On June 5, Environment Canada released a special air quality statement for Toronto. With air pollution blowing in from wildfires in Quebec and northeastern Ontario, Toronto’s air quality health index (AQHI) climbed to “moderate risk” levels for much of June 8 and 9. Originally, the federal government predicted that Toronto’s AQHI score might go up to “high risk” during the evening of June 8.
U of T has not announced any changes to convocation ceremonies, which are happening in person at Convocation Hall. According to the federal government, when the air quality health index is “high risk,” people spending time outside — such as graduating students and their families — may want to consider rescheduling strenuous outdoor activities and should monitor themselves for breathing difficulties and eye or lung irritation. Smog poses particular risk to seniors, infants, young children, and people with chronic health issues such as heart disease, cancer, or asthma. People at particular risk are particularly encouraged to avoid strenuous outdoor activity, such as exercising, and may want to consider avoiding these activities even when the AQHI is “moderate.”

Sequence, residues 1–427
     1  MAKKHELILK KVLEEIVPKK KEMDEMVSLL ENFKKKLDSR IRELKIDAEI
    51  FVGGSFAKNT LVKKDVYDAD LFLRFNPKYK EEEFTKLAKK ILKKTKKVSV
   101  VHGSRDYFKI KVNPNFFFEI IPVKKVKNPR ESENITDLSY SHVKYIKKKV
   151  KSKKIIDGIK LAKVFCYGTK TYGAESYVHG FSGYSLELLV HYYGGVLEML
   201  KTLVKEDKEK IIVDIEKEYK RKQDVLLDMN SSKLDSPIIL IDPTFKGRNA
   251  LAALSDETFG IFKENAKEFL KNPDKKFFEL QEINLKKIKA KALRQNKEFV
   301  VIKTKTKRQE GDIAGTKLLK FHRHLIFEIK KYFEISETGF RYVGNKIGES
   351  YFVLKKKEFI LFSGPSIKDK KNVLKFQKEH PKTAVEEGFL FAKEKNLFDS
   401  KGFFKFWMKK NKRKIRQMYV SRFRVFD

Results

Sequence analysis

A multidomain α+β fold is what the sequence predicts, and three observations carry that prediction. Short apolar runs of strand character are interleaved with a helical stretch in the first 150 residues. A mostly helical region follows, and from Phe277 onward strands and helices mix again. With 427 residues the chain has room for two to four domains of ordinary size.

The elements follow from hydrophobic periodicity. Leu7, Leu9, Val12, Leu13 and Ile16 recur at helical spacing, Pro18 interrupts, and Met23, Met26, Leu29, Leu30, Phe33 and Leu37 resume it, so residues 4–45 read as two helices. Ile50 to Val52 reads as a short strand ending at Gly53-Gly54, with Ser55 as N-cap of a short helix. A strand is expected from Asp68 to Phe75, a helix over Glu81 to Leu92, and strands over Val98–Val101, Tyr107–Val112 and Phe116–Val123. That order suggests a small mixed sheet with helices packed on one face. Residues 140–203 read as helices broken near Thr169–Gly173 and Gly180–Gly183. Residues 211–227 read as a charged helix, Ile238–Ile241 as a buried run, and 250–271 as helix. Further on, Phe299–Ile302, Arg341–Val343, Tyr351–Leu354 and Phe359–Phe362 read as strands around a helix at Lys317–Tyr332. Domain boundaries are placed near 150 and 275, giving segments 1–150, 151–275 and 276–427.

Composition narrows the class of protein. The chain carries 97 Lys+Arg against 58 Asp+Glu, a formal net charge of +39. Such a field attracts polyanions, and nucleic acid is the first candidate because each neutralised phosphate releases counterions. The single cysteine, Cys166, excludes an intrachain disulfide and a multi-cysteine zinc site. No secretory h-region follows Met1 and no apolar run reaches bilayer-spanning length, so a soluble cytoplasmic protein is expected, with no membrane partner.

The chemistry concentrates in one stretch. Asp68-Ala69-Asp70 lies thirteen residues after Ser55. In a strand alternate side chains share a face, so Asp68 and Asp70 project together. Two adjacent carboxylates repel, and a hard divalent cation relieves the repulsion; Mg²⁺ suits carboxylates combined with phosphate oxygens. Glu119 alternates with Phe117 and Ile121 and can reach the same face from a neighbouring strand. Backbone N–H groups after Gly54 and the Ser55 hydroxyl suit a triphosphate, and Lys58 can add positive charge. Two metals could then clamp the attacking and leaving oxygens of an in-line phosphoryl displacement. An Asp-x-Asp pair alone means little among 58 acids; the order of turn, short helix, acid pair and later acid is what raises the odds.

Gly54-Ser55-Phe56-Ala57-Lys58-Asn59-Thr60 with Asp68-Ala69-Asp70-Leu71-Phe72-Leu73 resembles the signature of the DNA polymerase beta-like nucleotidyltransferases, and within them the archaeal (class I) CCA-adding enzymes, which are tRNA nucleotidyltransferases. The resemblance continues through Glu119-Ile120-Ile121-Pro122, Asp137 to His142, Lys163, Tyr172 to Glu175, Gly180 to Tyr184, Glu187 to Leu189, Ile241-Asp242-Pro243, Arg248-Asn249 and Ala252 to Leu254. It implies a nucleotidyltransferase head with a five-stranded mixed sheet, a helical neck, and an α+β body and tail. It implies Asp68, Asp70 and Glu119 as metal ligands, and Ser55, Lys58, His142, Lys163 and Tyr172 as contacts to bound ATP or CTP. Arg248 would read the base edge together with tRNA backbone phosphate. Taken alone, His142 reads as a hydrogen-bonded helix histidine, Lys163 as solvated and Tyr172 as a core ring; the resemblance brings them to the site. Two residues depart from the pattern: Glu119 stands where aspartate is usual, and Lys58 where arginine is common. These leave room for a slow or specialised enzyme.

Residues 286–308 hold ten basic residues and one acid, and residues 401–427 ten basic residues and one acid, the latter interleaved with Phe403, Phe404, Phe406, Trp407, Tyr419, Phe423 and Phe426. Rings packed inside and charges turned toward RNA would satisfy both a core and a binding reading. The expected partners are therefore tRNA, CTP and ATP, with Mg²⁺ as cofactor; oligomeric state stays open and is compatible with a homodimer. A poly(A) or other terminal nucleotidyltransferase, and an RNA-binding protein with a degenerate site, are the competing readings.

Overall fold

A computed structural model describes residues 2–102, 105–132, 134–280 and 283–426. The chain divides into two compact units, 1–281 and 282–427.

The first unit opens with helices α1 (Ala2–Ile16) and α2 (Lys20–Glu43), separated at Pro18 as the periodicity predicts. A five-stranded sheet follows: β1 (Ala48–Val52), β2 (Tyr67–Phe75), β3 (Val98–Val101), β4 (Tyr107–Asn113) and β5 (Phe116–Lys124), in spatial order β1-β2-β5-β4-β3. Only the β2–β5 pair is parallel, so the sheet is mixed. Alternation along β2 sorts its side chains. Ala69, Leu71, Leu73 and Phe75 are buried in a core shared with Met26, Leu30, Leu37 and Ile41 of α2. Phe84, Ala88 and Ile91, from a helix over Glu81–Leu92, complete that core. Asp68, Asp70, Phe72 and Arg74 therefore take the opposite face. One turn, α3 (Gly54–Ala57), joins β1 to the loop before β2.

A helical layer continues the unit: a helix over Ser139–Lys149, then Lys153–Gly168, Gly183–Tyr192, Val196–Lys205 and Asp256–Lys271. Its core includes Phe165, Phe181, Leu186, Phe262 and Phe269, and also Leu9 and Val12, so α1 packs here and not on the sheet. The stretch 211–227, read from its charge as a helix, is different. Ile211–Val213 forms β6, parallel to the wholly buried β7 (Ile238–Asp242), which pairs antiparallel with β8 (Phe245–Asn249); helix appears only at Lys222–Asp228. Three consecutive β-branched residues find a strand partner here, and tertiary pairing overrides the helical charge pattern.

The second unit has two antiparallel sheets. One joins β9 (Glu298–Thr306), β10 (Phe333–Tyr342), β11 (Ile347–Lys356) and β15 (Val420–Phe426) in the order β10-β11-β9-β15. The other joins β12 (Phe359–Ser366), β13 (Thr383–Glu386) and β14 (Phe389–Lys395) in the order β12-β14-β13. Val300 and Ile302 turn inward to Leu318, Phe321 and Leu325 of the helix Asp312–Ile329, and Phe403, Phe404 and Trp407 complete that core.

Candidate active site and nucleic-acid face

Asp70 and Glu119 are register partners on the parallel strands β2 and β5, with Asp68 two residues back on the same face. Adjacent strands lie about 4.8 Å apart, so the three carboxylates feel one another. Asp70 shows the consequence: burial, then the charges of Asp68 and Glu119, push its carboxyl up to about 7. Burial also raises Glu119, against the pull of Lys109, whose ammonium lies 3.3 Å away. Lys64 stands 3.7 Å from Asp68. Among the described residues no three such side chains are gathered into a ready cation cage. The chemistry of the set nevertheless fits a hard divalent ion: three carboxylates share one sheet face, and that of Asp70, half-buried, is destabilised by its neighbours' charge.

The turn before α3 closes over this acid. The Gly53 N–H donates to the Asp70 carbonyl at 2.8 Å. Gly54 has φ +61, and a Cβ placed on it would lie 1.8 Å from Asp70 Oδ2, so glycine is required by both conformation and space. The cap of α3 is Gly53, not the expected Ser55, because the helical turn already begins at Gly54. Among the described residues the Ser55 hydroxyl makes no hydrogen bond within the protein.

Air pollution from wildfires carries fine particulate matter — tiny particles released from burning materials — that can cause health issues when breathed in, including infection. The statement recommends wearing a mask outside, which can reduce the amount of particulate matter the wearer breathes in. According to an article in Time, an N95 or higher rated mask is ideal, although wearing less effective protective equipment, like a surgical mask, is better than not wearing a mask at all.
For people sticking it out indoors, closing windows and using a portable air cleaner can limit exposure. U of T maintains a directory of the air filtration levels in many buildings across the three campuses. The US Environmental Protection Agency recommends filters with Minimum Efficiency Reporting Value (MERV) ratings of 13 and above to remove the particles released from wildfires; Robarts, the Hazel McCallion Library, and the UTSC Student Centre all have filtration systems with MERV ratings above 13.
For an up to date forecast, visit the federal weather service’s website.